Honestly if this is a new student I wouldn't be so hard on them, they did a good job with their experience.
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Old 6th Nov 2021, 12:05
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Originally Posted by double_barrel View Post
The approach was WAY too high and fast with the result that she came within a hair's breadth of wrapping it round a tree. She could easily have dumped a lot of energy before she reached the threshold. I don't know, but I'm guessing there's a good chance she could have made that approach her downwind leg and landed in the other direction. Once over the runway with full flaps, it was never going to be pretty, but even then she could have something - anything - rather than float on by. I have never had an engine fail for real, but even a lowly PPL like me has done many practice engine-out approaches and landings. That was horrible.
ohp, watched the video and if the "She" they were referring to is the trainer and not the trainee, then yeah definitely it's screwed up.
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Old 6th Nov 2021, 12:25
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Originally Posted by Bames View Post
Sorry, but I have to disagree. A windmillimg propeller creates a lot more drag than a stopped one. If you actually have an engine failure and want to extend your glide try to reduce speed enough to stop the propeller from windmilling. And there is absolutely no need to "compensate for increased stall speed". Check the definition of stall speed, plus the slipstream from produced by a windmilling propeller of an engine running on idle power has zero effect anyway. Otherwise I have to agree that she saved the aircraft, well done.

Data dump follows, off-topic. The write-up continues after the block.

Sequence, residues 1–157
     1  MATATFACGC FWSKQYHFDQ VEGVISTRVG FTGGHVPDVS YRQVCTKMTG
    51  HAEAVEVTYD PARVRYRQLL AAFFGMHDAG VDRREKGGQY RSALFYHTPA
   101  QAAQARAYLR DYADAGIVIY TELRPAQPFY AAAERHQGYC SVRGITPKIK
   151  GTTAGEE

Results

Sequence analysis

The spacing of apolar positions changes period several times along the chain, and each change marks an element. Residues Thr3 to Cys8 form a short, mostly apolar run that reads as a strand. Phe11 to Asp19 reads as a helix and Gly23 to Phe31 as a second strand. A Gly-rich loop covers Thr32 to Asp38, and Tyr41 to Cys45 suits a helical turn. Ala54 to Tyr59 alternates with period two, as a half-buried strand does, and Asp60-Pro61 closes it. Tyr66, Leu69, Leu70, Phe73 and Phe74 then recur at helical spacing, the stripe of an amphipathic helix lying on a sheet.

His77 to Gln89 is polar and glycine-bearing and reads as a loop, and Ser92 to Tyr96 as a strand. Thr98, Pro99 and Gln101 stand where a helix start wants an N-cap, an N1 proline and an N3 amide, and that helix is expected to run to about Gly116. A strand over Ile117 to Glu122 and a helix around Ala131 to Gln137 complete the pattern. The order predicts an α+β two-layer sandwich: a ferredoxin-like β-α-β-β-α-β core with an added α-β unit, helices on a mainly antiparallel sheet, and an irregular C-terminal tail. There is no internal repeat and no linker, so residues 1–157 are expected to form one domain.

Why are you disagreeing? What I actually stated was "In almost any position the prop stops, there is likely to be disrupted airflow to the wing, hence increased stall speed is a further issue" . This is factually correct. So there is nothing to disagree with. I never compared the drag of a genuine windmilling propeller (ie. driving a completely failed engine which is producing ZERO power whatsoever) to a stationary propeller. However in your example of an engine / propeller at idle, almost certainly the stationary propeller creates more drag, and definitely it increases stall speed if it disrupts airflow over the wing at all, which is almost inevitable.

Regarding your false claim that "And there is absolutely no need to "compensate for increased stall speed"", you are mistaken. Of course a stopped propeller disrupting airflow to the wing will increase the stall speed! Any disruption to airflow to a wing will reduce the lift it produces for any given angle of attack & airspeed combination. Therefore the increased angle of attack required for any given airspeed will be closer to stalling. THAT is the relevant definition of stalling and its relationship to stall speed, as in this example. What alternative "definition of stall speed" were you suggesting I should be checking? Please let us know, I'd love to hear it.

It seems you are confused by this.

To make it very clear and simple for you, take an extreme example which proves the general case: if you progressively disrupt the airflow to let's say 50% of the wing, more, 60%... more , say to 90% of a wing, do you honestly believe the stall characteristics of that wing remain identical to the undisturbed case? You are trying to claim that in all these cases, the wing flies as normal and still stalls at exactly the same airspeed, and that "there is absolutely no need to "compensate for increased stall speed" for any wing with disturbed airflow, which is completely wrong. That is dangerously flawed advice, potentially very dangerous.